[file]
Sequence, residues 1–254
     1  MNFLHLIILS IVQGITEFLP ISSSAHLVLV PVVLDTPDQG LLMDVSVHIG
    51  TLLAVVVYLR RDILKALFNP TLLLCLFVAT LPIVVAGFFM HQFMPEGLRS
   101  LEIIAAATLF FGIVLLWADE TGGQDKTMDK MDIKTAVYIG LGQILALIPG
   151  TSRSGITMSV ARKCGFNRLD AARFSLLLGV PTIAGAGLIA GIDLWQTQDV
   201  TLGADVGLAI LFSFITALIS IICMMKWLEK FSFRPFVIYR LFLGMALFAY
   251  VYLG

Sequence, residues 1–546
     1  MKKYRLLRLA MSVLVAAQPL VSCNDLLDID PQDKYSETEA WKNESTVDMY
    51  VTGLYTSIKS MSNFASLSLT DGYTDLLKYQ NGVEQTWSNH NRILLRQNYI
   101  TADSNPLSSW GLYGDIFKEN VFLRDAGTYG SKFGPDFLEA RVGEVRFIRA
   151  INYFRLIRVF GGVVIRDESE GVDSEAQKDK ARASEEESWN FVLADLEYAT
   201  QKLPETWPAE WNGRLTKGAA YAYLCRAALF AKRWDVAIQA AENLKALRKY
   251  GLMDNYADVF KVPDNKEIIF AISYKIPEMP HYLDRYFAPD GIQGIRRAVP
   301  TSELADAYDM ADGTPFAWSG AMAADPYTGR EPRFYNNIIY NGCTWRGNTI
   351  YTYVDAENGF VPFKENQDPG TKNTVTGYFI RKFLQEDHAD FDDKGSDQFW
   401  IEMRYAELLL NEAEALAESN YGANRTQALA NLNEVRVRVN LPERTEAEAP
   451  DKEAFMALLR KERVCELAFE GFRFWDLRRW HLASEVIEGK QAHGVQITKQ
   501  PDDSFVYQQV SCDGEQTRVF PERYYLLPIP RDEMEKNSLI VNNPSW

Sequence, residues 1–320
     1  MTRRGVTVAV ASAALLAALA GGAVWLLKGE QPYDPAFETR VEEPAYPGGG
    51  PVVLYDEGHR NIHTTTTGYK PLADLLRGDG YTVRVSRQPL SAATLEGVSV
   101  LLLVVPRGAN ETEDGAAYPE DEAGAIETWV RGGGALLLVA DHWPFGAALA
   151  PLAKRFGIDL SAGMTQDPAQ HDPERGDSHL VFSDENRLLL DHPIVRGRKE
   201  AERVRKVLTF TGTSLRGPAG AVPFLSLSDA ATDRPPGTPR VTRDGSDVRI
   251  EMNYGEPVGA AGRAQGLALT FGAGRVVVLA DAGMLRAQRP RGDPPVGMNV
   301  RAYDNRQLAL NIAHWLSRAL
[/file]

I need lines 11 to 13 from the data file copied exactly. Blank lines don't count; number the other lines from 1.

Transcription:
   101  TADSNPLSSW GLYGDIFKEN VFLRDAGTYG SKFGPDFLEA RVGEVRFIRA
   151  INYFRLIRVF GGVVIRDESE GVDSEAQKDK ARASEEESWN FVLADLEYAT
   201  QKLPETWPAE WNGRLTKGAA YAYLCRAALF AKRWDVAIQA AENLKALRKY